MR VAN ECK: My situation changed from - in the sense that from the next day onwards, I was responsible for my remaining child that was eighteen months old, I had to look after him and it had the implication that my business came to a stop. It also had the further implication that I was financially ruined by it. It also had a further implication that I had to fall back on my career as a teacher. It also had implications there in that sense that I was a PT teacher, I couldn't do it anymore because of my injuries. It had further implications that because of this, the stress and the shock that I experienced, I got cancer and because of that was found medically unfit by the Department of Education with the further result that I had to leave the Education, or school, without a pension.

MR WAGENER: Mr van Eck, the loss that you had up to date, did you calculate this?

MR VAN ECK: Yes, Mr Chairperson, not up to date, but recently, I think up to 1991.

MR WAGENER: What does that entail, or what is the amount?

MR VAN ECK: Mr Chairperson, the losses in terms of contracts in the contracting business is up to 2.6 million. The losses in my farming, or in the farm, to put it shortly, the total losses, the farm and the contracting business, the direct losses because of income that just came to a standstill is up to 8.7 million.

MR WAGENER: Does that include anything in terms of medical fees?

MR VAN ECK: No, Mr Chairperson, it is only the direct income that I lost, no other expenditures like medical costs or any other expenditures.

MR WAGENER: You were declared as a victim by the TRC.

MR VAN ECK: That is correct, yes and I received a written document where they declared that I was a victim in this.

MR WAGENER: What did that mean to you?

MR VAN ECK: It created a light in a very dark tunnel that there will be some compensation for the damage that I went through.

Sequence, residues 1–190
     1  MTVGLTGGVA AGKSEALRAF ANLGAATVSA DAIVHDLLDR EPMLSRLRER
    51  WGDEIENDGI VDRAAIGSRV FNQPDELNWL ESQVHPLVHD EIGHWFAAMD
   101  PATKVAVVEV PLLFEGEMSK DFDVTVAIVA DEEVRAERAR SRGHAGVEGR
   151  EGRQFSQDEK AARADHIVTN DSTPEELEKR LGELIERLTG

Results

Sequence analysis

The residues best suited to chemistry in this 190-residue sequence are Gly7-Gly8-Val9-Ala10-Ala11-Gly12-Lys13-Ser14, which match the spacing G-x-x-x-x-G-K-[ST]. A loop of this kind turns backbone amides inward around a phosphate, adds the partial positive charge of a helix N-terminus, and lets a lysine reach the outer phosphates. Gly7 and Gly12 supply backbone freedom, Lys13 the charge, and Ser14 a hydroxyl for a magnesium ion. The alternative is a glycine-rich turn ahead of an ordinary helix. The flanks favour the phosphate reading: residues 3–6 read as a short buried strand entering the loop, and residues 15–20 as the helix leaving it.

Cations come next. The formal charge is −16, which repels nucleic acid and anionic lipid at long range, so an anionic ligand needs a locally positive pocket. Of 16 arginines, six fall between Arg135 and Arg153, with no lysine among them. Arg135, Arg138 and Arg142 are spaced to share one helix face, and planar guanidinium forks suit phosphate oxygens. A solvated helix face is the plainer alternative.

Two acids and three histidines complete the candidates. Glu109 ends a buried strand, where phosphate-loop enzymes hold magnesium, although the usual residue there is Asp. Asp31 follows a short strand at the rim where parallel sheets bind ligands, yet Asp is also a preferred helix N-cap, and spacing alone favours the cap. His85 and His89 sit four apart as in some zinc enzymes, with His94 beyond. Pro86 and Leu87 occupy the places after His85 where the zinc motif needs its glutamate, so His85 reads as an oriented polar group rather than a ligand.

MR WAGENER: And did you receive anything?

MR VAN ECK: Mr Chairperson yes, I did, they sent me an amount of R2 900 after, that is now from 1996 up until today, the amount of R2 900 has been paid out to me.

MR WAGENER: Was that what you received for the damages that you lost of 8.5 million?

MR VAN ECK: Yes, that is correct.

MR WAGENER: Mr van Eck, is there anything that you would like to add, is there anything that you would like to testify about in front of this Committee?

MR VAN ECK: Mr Chairperson, I can just say the following. I never declared myself as a victim, the TRC declared that I was a victim. I did not ask them to - I did not present my damages to them, they requested me and they broadly, had me fill in forms to explain or describe the damages that I incurred.

Then just on another point, if I look at the name, the Truth and Reconciliation Commission and I look at the purpose and the mission of the TRC, then it was very shocking yesterday that the applicants, especially the first applicant, after fourteen years, it has been fourteen years that we have been busy with these matters and after fourteen years are still proud of what they did and still willing to do it again and in the light of the fact that this is an amnesty hearing, it became very clear to me what we are dealing with here.

And then Mr Chairperson, we are sitting here with applicants who were truly the footsoldiers, the people who worked on the grassroots level and Mr Chairperson we are not getting to the people who gave the orders. This is as far as my knowledge goes. Mr Chairperson, something that is so ironic in this is that we are manipulated, we the victims, fourteen years later still we are manipulated in terms of these events and I believe other people were supposed to sit here, also from the National Party side, to explain these matters.

Thank you Mr Chairperson.


CHAIRPERSON: Thank you Mr van Eck. Mr de Beer, do you have any questions?

MR DE BEER: No questions from me, Chairperson.


CHAIRPERSON: Mr Koopedi, do you have any questions?

MR KOOPEDI: No questions.


CHAIRPERSON: Ms Mtanga, questions?

MS MTANGA: No questions Chairperson.